Appeared In
Special Issue
WWD Music issue 09/04/2008

Rocker Chris Cornell tries out a new sound.

Chris Cornell has come a long way since his flannel-sporting days during Seattle’s grunge rock era. In March, the former Soundgarden and Audioslave frontman appeared on Ryan Seacrest’s “On Air” radio show with hip-hop producer Timbaland, announcing their unlikely collaboration on Cornell’s third solo album, “Scream.” “This is the best work I’ve done in my career,” Timbaland boasted to Seacrest.

This story first appeared in the September 4, 2008 issue of WWD. Subscribe Today.

Cornell, equally as excited about the unexpected pairing, added, “This is different from anything I’ve ever done. I’ve come from an indie rock world, where, if you have a producer, it’s somebody who’s not a musician, not a songwriter. He’s just someone who twists knobs and can kind of tell you if they think a song is too long or too short or needs to be more aggressive. Tim’s a songwriter, so I was working with him in a collaboration, sort of as if we were in a band.”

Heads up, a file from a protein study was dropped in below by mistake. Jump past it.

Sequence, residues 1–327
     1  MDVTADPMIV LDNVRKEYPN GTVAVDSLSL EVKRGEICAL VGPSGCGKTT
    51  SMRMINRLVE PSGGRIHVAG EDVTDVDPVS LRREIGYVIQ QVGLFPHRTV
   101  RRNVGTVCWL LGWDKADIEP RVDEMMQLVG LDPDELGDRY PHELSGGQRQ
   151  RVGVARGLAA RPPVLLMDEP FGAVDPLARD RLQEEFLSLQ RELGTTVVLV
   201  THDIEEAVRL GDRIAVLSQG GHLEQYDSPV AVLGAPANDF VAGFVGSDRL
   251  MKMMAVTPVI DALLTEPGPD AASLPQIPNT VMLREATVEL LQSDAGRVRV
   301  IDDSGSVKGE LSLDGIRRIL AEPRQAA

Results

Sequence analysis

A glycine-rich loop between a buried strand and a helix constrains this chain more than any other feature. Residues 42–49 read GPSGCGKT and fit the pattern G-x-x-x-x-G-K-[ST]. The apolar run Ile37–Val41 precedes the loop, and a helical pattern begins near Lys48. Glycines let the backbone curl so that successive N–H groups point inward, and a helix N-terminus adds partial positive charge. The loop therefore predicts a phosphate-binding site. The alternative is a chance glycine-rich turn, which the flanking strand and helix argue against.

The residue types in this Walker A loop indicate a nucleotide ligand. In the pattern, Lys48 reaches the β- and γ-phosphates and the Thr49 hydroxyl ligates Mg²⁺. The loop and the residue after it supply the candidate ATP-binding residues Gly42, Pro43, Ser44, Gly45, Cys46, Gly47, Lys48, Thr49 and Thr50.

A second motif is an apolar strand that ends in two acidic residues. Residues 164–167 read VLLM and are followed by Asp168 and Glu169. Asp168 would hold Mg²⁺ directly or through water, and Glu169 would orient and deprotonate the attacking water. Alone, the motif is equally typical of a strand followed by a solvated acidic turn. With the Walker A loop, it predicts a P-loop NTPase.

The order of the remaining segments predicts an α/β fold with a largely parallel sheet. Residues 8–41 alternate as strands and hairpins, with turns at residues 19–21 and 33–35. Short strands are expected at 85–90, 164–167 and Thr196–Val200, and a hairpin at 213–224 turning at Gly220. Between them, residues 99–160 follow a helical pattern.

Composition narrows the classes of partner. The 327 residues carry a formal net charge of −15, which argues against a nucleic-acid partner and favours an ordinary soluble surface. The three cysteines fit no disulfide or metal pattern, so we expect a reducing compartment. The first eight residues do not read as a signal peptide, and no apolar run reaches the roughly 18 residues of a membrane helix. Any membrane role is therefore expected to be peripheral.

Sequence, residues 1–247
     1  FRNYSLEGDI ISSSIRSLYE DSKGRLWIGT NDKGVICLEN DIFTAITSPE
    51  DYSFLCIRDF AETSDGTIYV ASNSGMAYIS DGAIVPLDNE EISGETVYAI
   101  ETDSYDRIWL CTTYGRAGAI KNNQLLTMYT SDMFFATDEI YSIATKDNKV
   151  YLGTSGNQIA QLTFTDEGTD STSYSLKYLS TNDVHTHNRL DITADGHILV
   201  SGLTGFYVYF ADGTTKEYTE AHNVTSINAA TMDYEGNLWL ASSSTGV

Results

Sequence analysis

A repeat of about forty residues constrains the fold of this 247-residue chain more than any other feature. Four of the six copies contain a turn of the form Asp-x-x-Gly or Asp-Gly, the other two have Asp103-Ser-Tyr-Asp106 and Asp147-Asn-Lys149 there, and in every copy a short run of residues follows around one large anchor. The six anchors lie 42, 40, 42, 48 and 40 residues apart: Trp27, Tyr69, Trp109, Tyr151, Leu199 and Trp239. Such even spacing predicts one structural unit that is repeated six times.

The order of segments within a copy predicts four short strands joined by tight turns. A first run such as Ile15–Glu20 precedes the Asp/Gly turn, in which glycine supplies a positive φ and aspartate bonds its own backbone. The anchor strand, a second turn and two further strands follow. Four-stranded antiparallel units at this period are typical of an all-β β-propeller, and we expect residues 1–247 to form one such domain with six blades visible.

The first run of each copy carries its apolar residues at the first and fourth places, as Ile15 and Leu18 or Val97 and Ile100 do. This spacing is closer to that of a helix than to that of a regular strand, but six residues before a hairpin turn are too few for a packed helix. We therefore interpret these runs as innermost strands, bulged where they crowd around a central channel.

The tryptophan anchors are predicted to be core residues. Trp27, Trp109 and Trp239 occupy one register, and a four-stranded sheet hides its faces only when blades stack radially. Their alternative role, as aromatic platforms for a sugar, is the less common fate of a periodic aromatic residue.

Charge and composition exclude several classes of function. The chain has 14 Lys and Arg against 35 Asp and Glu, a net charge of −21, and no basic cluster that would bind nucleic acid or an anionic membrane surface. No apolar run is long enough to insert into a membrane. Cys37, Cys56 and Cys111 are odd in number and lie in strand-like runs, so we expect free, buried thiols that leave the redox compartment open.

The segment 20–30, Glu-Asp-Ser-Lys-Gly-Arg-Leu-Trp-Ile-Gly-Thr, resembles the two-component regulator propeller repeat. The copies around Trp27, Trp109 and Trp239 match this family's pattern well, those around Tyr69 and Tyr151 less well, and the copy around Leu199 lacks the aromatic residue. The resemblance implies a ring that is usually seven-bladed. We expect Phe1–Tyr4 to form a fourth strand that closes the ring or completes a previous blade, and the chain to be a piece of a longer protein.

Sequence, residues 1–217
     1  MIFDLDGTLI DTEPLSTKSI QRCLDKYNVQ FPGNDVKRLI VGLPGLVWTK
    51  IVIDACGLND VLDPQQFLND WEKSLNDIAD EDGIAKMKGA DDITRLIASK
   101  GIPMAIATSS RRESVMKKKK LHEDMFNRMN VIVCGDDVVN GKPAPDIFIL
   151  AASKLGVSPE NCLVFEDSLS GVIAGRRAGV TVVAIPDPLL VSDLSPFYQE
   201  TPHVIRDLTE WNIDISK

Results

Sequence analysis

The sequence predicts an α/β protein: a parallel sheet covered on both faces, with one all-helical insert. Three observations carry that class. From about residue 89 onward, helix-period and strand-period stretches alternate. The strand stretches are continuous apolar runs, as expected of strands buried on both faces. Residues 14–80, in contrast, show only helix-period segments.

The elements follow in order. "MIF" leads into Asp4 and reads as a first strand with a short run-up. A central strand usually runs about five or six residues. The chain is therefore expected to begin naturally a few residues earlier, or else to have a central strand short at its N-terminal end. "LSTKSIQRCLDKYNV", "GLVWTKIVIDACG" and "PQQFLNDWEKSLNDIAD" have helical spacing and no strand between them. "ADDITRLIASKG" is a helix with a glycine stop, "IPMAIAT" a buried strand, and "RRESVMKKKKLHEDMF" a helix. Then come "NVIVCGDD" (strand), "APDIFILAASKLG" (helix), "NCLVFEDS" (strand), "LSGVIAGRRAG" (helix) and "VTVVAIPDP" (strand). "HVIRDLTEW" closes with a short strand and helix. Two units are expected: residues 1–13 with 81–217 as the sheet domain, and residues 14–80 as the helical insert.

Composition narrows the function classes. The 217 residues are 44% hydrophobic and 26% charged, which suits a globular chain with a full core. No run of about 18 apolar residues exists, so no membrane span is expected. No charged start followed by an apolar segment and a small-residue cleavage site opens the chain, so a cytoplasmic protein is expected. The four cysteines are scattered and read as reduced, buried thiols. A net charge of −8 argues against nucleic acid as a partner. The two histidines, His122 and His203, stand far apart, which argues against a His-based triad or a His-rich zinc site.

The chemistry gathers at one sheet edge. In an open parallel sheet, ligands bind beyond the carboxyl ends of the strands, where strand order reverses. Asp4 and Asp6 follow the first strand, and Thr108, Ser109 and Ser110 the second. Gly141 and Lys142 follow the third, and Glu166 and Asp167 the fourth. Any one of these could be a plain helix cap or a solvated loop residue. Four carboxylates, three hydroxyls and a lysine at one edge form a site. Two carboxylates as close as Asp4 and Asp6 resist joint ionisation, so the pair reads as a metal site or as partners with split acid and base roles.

Since then, snippets from Cornell’s forthcoming album have been posted on his MySpace page. “Long Gone” features the rocker’s familiar, soulful voice singing heavyhearted lyrics over Timbaland’s soaring atmospheric beats. “Ground Zero” is an incensed refl ection on the aftermath of 9/11, while “Watch Out” is most indicative of Timbaland’s influence, oozing with hip-hop envy and a style that reveals an almost aspiring-rapper side of Cornell no one knew he had.

While the world has yet to see the 44-year-old guitarist trade his leather bombers and long rock locks for hip-hop streetwear and iced-out bling, Cornell’s fans are definitely due for a bit of shell shock when “Scream,” which took just six weeks to  write and record, is unveiled. In something of an induction to the crossover genre, Cornell will perform his new material alongside his producer and other Timbaland-persuaded artists such as One Republic, Justin Timberlake, Solange and the Pussycat Dolls at Fashion Rocks.

“If you get into a kind of comfortable corner, where you’re doing what you’re used to — you’re doing what you know how to do — you can get locked in that corner and stuck there and you’re done,” Cornell told MTV. “That’s never going to happen to me.”

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